Collecting seventeenth-century Dutch painting in England 1689-1760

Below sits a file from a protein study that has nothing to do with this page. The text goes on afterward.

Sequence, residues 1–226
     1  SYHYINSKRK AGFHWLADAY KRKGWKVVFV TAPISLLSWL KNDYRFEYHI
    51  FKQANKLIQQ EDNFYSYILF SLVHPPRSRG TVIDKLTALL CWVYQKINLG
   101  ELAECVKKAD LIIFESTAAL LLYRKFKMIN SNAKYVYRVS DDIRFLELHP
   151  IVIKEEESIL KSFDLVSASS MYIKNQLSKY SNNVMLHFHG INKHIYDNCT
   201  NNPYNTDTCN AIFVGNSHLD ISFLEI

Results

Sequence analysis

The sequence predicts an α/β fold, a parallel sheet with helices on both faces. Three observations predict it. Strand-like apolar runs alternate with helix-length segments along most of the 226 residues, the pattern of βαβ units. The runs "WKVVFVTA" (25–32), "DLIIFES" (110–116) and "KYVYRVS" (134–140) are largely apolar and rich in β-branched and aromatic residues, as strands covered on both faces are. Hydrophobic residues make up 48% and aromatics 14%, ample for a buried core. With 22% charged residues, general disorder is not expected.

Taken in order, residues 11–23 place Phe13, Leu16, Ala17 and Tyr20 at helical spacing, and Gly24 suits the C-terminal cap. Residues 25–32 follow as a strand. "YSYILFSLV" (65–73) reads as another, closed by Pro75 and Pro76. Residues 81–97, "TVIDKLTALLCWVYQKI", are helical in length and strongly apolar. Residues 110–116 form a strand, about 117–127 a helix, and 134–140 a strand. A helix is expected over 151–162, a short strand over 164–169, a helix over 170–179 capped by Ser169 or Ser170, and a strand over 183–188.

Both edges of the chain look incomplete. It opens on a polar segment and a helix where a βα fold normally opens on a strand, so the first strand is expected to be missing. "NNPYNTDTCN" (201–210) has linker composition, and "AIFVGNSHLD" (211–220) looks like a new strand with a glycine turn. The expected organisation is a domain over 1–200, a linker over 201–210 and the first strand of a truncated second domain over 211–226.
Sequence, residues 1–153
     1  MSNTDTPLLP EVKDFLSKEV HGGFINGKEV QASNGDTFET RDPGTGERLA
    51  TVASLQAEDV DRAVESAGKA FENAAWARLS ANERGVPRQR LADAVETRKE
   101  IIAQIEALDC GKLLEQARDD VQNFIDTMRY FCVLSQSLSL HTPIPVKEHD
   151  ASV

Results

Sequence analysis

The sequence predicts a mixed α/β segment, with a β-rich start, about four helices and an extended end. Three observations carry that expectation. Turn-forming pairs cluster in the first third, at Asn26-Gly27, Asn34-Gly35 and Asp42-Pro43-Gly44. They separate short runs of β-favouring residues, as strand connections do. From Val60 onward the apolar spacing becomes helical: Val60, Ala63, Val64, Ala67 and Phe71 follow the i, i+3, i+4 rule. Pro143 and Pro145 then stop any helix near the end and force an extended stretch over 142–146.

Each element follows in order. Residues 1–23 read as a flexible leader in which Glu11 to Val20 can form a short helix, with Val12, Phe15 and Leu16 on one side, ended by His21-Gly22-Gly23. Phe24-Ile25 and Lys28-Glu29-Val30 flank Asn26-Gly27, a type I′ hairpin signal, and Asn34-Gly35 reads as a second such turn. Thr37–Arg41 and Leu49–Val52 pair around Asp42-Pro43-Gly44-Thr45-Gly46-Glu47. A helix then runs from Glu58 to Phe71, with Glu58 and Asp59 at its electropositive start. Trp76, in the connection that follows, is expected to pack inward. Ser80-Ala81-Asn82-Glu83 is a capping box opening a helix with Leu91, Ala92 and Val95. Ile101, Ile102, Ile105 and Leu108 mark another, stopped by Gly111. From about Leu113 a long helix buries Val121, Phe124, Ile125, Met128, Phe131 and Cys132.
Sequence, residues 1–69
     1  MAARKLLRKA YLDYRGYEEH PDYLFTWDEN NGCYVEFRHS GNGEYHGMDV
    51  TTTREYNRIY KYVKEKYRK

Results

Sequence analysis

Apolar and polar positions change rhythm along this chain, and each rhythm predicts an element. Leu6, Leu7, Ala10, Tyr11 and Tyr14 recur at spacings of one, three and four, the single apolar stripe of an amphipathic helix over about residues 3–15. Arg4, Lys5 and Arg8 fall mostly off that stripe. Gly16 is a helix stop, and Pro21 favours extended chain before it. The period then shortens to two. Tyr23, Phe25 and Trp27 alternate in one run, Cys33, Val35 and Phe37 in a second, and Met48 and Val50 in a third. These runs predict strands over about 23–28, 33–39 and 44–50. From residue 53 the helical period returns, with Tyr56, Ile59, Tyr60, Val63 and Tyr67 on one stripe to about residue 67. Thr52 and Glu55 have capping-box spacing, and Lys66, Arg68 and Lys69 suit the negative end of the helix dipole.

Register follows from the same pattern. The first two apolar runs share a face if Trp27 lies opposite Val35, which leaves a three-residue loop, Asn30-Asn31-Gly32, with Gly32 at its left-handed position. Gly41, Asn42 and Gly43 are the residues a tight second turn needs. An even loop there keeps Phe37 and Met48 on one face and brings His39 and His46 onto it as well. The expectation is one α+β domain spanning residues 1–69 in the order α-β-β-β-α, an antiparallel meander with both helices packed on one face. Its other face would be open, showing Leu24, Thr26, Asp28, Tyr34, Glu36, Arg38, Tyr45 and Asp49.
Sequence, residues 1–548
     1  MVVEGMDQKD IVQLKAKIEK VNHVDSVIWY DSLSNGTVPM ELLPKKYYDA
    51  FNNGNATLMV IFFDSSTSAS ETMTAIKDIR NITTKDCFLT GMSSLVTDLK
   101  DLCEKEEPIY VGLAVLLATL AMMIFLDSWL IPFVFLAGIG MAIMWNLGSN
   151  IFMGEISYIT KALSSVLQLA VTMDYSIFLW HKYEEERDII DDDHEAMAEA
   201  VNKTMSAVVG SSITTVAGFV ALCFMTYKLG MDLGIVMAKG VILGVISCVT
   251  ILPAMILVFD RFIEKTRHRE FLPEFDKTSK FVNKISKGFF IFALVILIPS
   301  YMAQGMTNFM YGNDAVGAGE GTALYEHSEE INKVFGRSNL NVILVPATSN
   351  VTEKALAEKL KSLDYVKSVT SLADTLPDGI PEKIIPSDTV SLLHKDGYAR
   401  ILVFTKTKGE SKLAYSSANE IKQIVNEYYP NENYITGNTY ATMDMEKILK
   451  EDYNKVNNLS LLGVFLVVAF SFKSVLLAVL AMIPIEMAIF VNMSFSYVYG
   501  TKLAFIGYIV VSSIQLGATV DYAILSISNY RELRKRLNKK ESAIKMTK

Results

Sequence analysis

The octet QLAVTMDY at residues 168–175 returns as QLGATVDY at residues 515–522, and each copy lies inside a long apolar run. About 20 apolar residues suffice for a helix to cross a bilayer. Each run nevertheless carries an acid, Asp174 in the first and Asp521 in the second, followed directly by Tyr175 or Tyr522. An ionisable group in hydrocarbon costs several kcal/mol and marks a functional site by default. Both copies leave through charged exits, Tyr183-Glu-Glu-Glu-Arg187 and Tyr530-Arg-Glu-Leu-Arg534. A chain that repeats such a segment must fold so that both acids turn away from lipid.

This thesis examines the collecting of seventeenth century Dutch painting in England from 1689 marking the beginning of auction sales in England to 1760, Just prior to the beginning of the Royal Academy and the rising patronage for British art. An examination of the composition of English collections centred around the period 1694 when William end Mary passed a law permitting paintings to be imported for public sale for the first time in the history of collecting. Before this date paintings were only permitted entry into English ports for private use and enjoyment. The analysis of sales catalogues examined the periods before and after the 1694 change in the law to determine how political circumstances such as Continental wars and changes in fiscal policy affected the composition of collecting paintings with particular reference to the propensity for acquiring seventeenth century Dutch painting in England. Chapter Two examines the notion that paintings were Imported for public sale before 1694, and argues that there had been essentially no change In the law. It considered also Charles It's seizure of the City's Charters relaxing laws protecting freemen of the Guilds from outside competition, and the growth of entrepreneurauctioneers against the declining power of the Outroper, the official auctioneer elected by the Corporation of City of London. An investigation into the Poll Tax concluded that the boom in auction sales was part of the highly speculative activity which attended Parliament's need to borrow public funds to continue the war with France. Chapter Three discusses some of the economic circumstances In the Dutch-English alliance in 1689 which helped to establish the financial infrastructure supporting the importation and acquisition of paintings. A comparative analysis of subject matter in Dutch collections showed en increase in the production of landscape painting in particular which was In turn reflected fri English collections. The experimental procedure in Chapter Four Involved a detailed analysis of auction sales for the period 1689-1694 and drawing on the evidence provided in the previous chapters showed that the propensity to collect seventeenth century Dutch painting dominated collecting, and it was available in large numbers by Dutch artists working in England and by Dutch artists abroad. Chapter Five covers the period after 1695 to 1760 using random sampling of annotated sales catalogues (1711 to 1759) illustrating the effect of increased trade on the composition of collecting, demonstrating that marginally cheaper prices for Dutch landscapes, portraiture and genre painting challenged the growing taste for Italian or French landcapes, genre and religious and classical history painting. Dutch painting as an Investment Is also considered. This thesis contributes to the knowledge of prices paid for paintings for the period 1711-1759 through statistical analysis. Summaries of the average price paid for seventeenth century Dutch and other European paintings provide a scale to analyse prices often quoted In eighteenth century art historical studies. These summaries illustrate more precisely that paintings at auction sales were generally low in price providing a benchmark figure, which manipulated the market to the extent that paintings by living British artists were unable to compete.